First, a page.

Alice Found There who tells a surprised Alice: "Here, you see, it takes all the
running you can do, to keep in the same place."
The Red Queen hypothesis rests on the idea that species must continuously evolve
just to hang on to their ecological niche. That gradual evolution is driven by the
constant genetic churn of sexual selection.
A consequence of this is that all of the species in a particular family, or genus,
gradually evolve to form new species at the same rate.
But Mark Pagel and his team at the University of Reading, UK, challenge this idea.
In a paper published today in Nature, they compared four models of speciation —
one of which was the Red Queen hypothesis — to see which best explains the rate
of speciation in more than 100 species groups from the animal and plant kingdoms,
including bumblebees, turtles, foxes and roses.
They looked at the lengths of branches in thousands of species' evolutionary trees
contained within these groups to estimate the time periods between speciation
events.
When the team compared how well the four models fitted the groups' evolutionary
histories, the Red Queen idea that species form through a catalogue of incremental
changes fitted no more than 8% of the family trees.
Conversely, almost 80% of the trees fitted a model in which new species emerge
from single rare evolutionary events. The Red Queen, it seems, is not running to
keep up, but jumping a longer distance and then pausing for a while1.
"What we've shown is that speciation is about happy accidents — rare events that
happen in the environment that cause a species to speciate," says Pagel. These
events could include a mountain range being thrust up or a shift in climate, he
says.
The team's findings might stir things up in the world of evolutionary biology. "It
really goes against the grain because most of us have this Darwinian view of
speciation," says Pagel. "What we're saying is that to think about natural selection
as the cause of speciation is perhaps wrong."
Mike Benton, a palaeontologist at the University of Bristol, UK, agrees that the work
might ruffle a few feathers, adding that it could also shift attention to how groups
of species evolve, rather than the minutiae of competition or predation effects that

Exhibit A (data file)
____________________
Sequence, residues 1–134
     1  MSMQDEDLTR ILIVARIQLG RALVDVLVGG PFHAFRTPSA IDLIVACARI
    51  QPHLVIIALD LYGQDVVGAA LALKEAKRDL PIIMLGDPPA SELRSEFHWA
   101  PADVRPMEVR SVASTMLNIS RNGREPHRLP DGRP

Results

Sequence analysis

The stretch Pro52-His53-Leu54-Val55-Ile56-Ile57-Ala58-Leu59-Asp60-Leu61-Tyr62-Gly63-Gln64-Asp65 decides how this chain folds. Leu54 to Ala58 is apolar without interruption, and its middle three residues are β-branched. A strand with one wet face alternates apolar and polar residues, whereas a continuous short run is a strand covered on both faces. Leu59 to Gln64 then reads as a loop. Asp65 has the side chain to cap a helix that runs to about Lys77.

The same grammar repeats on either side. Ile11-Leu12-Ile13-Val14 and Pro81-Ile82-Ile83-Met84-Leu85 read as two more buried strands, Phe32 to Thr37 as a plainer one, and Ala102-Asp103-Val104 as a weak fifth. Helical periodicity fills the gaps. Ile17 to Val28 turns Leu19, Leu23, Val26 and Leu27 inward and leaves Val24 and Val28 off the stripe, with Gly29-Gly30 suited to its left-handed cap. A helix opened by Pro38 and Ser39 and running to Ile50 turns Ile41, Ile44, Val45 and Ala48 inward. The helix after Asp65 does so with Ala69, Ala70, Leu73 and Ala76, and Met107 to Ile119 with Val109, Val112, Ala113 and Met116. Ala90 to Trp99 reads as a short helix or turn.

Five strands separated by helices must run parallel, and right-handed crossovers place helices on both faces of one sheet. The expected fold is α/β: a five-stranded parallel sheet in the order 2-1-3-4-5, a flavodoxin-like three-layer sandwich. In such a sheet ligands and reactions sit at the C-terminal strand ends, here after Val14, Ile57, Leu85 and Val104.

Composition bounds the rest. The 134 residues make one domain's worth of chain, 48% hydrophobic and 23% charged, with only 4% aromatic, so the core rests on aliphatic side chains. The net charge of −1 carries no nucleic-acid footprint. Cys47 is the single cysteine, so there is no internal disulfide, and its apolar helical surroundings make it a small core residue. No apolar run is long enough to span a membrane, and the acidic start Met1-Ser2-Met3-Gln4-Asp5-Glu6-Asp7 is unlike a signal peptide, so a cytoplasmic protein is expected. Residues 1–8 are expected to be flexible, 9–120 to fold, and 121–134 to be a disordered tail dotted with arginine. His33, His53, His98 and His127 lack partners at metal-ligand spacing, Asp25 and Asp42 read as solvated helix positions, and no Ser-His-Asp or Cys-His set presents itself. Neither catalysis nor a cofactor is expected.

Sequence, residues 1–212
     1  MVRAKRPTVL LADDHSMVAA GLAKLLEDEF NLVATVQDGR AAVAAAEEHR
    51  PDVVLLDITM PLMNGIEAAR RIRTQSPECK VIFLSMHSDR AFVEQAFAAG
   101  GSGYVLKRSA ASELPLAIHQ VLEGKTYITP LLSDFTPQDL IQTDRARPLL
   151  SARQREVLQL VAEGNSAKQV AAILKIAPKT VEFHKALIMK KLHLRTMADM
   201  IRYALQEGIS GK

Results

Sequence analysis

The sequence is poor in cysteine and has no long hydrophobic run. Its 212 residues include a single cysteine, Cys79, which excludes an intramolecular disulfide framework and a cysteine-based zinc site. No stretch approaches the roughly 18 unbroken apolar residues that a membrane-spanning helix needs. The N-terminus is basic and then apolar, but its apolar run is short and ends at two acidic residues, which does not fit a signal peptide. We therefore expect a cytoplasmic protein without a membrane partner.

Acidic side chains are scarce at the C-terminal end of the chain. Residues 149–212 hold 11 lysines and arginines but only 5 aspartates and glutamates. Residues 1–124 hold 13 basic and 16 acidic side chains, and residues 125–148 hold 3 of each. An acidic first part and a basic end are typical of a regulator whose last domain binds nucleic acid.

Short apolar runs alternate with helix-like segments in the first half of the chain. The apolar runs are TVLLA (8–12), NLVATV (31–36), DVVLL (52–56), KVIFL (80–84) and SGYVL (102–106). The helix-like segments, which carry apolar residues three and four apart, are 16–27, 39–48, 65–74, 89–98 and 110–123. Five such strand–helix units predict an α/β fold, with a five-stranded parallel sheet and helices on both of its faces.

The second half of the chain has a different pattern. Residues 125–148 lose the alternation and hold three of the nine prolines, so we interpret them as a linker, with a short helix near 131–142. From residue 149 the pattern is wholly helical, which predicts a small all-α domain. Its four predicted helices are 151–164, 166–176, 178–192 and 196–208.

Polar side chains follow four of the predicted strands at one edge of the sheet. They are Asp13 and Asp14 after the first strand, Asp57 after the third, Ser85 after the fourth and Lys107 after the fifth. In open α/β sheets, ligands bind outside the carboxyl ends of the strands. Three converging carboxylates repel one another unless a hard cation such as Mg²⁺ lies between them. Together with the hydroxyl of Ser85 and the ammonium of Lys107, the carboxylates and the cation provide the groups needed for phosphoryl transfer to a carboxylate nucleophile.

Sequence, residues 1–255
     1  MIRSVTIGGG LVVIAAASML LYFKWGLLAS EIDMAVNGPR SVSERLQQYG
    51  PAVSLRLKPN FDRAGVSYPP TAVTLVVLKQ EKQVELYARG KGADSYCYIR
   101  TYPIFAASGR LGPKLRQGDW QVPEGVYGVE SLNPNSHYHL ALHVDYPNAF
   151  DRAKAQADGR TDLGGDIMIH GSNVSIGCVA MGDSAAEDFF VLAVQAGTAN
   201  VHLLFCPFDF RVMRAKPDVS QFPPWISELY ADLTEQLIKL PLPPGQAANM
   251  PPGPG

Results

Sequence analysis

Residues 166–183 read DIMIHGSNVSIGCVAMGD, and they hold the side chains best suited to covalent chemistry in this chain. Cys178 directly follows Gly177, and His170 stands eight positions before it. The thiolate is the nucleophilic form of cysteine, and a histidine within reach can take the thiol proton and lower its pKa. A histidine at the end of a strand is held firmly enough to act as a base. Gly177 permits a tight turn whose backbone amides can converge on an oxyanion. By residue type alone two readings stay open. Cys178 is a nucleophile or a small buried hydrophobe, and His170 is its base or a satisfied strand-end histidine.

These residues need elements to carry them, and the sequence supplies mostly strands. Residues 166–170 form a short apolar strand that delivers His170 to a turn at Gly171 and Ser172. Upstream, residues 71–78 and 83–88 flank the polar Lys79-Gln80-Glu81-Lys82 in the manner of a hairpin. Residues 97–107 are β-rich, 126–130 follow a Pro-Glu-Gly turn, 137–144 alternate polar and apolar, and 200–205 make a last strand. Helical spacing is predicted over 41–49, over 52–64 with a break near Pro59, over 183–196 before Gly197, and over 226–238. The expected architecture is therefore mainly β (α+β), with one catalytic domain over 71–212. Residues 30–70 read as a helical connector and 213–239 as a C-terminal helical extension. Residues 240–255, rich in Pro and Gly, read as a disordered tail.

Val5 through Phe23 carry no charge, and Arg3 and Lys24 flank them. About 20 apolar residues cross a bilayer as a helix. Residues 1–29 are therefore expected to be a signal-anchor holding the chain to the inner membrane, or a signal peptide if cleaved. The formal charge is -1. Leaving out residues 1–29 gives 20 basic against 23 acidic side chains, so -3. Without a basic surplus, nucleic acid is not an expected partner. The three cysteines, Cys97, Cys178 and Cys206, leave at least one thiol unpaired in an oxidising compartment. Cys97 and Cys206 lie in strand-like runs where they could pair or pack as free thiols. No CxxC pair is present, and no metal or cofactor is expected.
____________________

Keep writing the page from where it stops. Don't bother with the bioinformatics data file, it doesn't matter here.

affect a single species. Where speciation is concerned, at least, "maybe all of this
squabbling in the undergrowth is quite irrelevant".
Evolutionary biologists will also "look closely at the methods", Benton predicts. The
paper's heavily computational approach, crunching large amounts of data from
phylogenetic trees, has not traditionally been applied to evolutionary theories.
But Pagel thinks they will be able to convince others that their approach is useful.
"We think people will come around because it will start to unravel some mysteries
about speciation," he says.
•
1.
References
Venditti, C., Meade, A. & Pagel, M. Nature advance online publication
doi:10.1038/nature08630 (2009).
Published online 9 December 2009 | Nature | doi:10.1038/news.2009.1134
News
New species evolve in bursts
Red Queen hypothesis of gradual evolution undermined.
Kerri Smith
Alice and the Red Queen had to run as
fast as they could to stay in the same place - just like evolving species,
according to the eponymous hypothesis.Through the Looking Glass/John
Tenniel
New species might arise as a result of single rare events, rather than through the
gradual accumulation of many small changes over time, according to a study of
thousands of species and their evolutionary family trees.
This contradicts a widely accepted theory of how speciation occurs: that species are
continually changing to keep pace with their environment, and that new species
emerge as these changes accrue. Known as the 'Red Queen' hypothesis, it is named
after the character in Lewis Carroll's book Through the Looking-Glass, and What
Alice Found There who tells a surprised Alice: "Here, you see, it takes all the
running you can do, to keep in the same place."
The Red Queen hypothesis rests on the idea that species must continuously evolve
just to hang on to their ecological niche. That gradual evolution is driven by the
constant genetic churn of sexual selection.
A consequence of this is that all of the species in a particular family, or genus,
gradually evolve to form new species at the same rate.
But Mark Pagel and his team at the University of Reading, UK, challenge this idea.
In a paper published today in Nature, they compared four models of speciation —
one of which was the Red Queen hypothesis — to see which best explains the rate
of speciation in more than 100 species groups from the animal and plant kingdoms,
including bumblebees, turtles, foxes and roses.
They looked at the lengths of branches in thousands of species' evolutionary trees
contained within these groups to estimate the time periods between speciation